Top 10 FAQs about E. Coli Bacteria released by Academy of Microbiology
What you need to know about E. coli
The American Academy of Microbiology has recently released a top 10 FAQs list answering common questions people have about E. coli bacteria.
The FAQ list is the brainchild of an expert panel of microbiologists, bacteriologists and food safety professionals who wanted to bring to the public an informative and easily understandable life story of bacteria as a big picture of how E. coli bacteria plays an important role in health, food and our own biology.
The E. coli (Escherichia coli) bacterium is a single celled prokaryotic organism. A prokaryote basically is a more primitive form in comparison to the cells that make up the tissues in our body that are called eukaryotic cells. Both cell types differ in cellular membranes, nuclear (DNA) material and some biochemical processes.
Yeast used to ferment wine and raise bread is an example of a single cell eukaryotic organism. Past speculation proposes that some prokaryotic cells evolved into eukaryotic cells by ingesting other types of cells and integrating their features.
The “E.” in E. coli is named after the bacterium’s discoverer in 1885, the German scientist Theodor Escherich. The “coli” in E. coli comes from the meaning “in the colon,” from which many types of E. coli permanently reside from our birth to our death.
E. coli plays both a beneficial and deadly role in human health and as such, is often misunderstood by the public when a news story comes out about some recent discovery or precaution involving bacteria.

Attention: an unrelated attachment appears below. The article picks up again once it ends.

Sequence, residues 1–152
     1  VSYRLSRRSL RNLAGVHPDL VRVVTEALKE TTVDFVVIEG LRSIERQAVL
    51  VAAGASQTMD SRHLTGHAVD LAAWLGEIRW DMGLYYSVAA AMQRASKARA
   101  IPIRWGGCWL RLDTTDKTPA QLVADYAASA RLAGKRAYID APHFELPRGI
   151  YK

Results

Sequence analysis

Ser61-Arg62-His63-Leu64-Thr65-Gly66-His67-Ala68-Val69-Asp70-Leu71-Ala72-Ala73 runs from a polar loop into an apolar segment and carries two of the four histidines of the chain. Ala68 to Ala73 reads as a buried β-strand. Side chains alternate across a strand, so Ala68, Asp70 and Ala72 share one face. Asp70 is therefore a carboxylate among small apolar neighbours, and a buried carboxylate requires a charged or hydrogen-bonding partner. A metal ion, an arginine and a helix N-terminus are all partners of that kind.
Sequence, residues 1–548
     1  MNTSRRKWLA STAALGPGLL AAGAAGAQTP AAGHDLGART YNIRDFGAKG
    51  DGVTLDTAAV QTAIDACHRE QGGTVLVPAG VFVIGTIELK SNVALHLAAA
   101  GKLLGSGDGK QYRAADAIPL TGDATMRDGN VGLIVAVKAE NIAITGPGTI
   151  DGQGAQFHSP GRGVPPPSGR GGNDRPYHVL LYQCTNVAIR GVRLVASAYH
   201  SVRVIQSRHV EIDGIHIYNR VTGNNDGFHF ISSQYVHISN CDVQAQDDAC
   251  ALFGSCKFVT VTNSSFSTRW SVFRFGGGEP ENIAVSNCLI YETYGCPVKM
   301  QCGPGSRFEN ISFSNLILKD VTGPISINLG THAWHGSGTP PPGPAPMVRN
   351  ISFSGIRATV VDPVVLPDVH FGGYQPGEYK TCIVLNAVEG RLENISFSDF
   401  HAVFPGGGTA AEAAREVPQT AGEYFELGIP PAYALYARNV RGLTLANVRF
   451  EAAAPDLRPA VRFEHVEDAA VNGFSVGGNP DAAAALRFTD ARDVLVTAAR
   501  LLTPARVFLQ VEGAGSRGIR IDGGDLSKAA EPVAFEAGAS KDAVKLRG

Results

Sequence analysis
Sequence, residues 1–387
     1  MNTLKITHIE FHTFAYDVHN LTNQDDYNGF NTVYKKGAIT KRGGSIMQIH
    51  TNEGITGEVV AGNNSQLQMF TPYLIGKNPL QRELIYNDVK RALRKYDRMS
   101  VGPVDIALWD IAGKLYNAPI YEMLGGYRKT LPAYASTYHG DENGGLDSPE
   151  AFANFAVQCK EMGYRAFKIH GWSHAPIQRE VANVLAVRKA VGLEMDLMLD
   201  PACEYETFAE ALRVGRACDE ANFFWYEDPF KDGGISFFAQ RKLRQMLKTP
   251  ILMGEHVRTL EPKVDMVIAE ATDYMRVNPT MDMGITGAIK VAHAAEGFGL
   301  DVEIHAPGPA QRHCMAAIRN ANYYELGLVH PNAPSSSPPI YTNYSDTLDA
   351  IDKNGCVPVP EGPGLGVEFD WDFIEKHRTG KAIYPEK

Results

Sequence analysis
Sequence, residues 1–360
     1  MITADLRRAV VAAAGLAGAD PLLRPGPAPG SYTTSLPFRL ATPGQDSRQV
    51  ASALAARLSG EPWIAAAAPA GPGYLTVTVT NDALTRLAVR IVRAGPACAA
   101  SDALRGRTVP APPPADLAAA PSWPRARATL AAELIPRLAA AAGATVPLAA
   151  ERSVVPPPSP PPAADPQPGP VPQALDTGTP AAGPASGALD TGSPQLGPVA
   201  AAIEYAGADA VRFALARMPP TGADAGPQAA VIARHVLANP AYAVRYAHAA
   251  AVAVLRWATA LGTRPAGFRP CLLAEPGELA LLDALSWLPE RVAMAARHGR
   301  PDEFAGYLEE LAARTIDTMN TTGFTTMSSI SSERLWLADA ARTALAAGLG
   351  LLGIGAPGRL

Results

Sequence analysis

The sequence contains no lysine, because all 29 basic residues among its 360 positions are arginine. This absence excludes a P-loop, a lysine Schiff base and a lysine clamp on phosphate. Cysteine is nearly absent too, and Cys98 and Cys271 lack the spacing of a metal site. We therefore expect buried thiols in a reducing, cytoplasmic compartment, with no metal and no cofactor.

Because of this, a panel of experts from the American Academy of Microbiology has put together a list of frequently asked questions and their answers to help the public understand the lowly bacteria a little better.
Below is a summary of the top 10 FAQ’s about E. coli bacteria:
1. How has E. coli contributed to our understanding of biology?
E. coli is known as a model organism for scientific study because it possesses shared biochemical processes that would be difficult and ethically impossible to study directly using humans as an experimental subject. Examples of contributions made through studying E. coli include understanding DNA form and function, viral infection and replication, and the development of medicines.
One example of an important medicine resulting from E. coli is insulin. At one time, insulin had to be isolated from the pancreas of a pig for treating humans for diabetes. Today, insulin in manufactured by inserting an insulin gene inside the DNA of a bacterium, which when grown in a special media releases safe, effective and inexpensive insulin for diabetic patients.
2. What does the naturally occurring E. coli in our GI tract do?
E. coli is one of many types of microbes that live in your gut. In fact, the microbes in your digestive tract outnumber all other cells combined in the human body by 10:1. These microbes play an important role in digesting food and processing nutrients that nourish the rest of the body. Although E. coli is a minority organism among the various gut microbes, it plays a very important role in making the gut habitable for the beneficial microbes. Without bacteria in our gut, our health would be in dire straits very quickly.
3. What is the difference between “good” E. coli that inhabits our gut, and “bad” E. coli that makes us sick?